Union Station today is a celebrated architectural icon and vibrant centerpiece of Los Angeles’s regional transportation network. Designed by John and Donald B. Parkinson, its mission revival architecture speaks to a mythic vision of Spanish heritage, but with streamline moderne and art deco details. At first glance this masterpiece, conceived as a magnificent gateway to the growing metropolis, offers no hint of the civic, financial, and legal battles surrounding its development, siting, style, and construction—battles that were waged across decades in the early twentieth century and that went as high as the U.S. Supreme Court.
Los Angeles Union Station explores this compelling example of how transit and corporations disrupted regional balances of power and political economies. Aided by new research and beautiful drawings from the Getty Research Institute’s archive, the authors demonstrate how contentious politics informed architectural design—and the many ways in which Union Station was at the heart of the rise of Los Angeles. The book accompanies the exhibition No Further West, on view at the Los Angeles Public Library from May 2 through August 10, 2014.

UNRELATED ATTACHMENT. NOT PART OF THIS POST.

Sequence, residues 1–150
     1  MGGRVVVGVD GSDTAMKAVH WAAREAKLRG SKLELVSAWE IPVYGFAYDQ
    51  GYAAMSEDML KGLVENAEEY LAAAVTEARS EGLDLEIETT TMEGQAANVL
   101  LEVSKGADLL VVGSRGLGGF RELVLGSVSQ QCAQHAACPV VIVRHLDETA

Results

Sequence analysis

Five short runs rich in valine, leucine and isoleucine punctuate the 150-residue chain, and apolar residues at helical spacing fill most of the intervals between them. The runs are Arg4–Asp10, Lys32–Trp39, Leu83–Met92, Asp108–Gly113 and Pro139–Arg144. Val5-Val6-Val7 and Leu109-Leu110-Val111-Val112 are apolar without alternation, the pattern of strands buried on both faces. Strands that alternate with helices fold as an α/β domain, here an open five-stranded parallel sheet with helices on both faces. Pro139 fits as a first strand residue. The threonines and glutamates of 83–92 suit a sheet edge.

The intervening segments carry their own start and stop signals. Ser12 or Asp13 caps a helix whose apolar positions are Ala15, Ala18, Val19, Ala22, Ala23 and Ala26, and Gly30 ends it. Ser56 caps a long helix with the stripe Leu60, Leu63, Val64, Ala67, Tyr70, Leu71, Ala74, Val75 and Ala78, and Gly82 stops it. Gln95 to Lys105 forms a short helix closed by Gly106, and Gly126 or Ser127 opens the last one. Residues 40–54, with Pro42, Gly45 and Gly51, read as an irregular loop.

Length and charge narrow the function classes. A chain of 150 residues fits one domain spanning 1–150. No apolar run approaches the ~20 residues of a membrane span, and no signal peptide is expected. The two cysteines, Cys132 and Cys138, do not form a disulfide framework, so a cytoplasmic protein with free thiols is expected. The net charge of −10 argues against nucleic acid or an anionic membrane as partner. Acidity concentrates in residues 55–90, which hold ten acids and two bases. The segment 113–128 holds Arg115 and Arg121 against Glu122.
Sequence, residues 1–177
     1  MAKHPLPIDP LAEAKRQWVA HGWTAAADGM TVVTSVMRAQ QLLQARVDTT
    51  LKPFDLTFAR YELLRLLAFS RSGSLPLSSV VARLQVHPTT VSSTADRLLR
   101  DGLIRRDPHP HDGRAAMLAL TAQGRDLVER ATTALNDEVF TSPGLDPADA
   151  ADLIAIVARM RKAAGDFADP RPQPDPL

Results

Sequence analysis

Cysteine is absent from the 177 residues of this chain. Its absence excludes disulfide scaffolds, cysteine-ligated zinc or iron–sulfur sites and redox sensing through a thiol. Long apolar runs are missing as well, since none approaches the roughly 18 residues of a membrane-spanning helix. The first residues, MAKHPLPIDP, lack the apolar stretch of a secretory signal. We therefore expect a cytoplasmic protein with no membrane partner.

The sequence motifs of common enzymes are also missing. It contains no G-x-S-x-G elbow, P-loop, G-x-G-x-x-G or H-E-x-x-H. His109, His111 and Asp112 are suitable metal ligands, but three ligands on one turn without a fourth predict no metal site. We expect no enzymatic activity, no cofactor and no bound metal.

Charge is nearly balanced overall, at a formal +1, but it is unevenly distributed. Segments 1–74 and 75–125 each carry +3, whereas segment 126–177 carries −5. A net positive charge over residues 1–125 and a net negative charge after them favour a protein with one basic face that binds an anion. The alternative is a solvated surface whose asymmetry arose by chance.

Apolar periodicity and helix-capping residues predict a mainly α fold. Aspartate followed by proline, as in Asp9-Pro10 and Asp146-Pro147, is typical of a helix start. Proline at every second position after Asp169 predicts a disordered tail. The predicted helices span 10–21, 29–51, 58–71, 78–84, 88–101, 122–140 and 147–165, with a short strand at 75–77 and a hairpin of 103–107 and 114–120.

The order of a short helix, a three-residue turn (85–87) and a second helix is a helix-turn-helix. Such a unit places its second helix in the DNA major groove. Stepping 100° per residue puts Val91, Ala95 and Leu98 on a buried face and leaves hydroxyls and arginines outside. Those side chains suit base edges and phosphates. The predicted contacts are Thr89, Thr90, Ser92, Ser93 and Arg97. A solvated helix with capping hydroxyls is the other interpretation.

Marlyn Musicant is a senior exhibitions coordinator at the Getty Research Institute. William Deverell is professor of history at the University of Southern California and director of the Huntington-USC Institute on California and the West. Matthew W. Roth is director of corporate archives at the Automobile Club of Southern California and the founding curator of the Petersen Automotive Museum.
“Los Angeles Union Station . . . is a tribute to LA’s railway station. . . . The gorgeously illustrated volume . . . does more than make the nostalgically inclined among us year for a more graceful era of travel. It argues that Union Station was central to LA’s struggles over transportation.”
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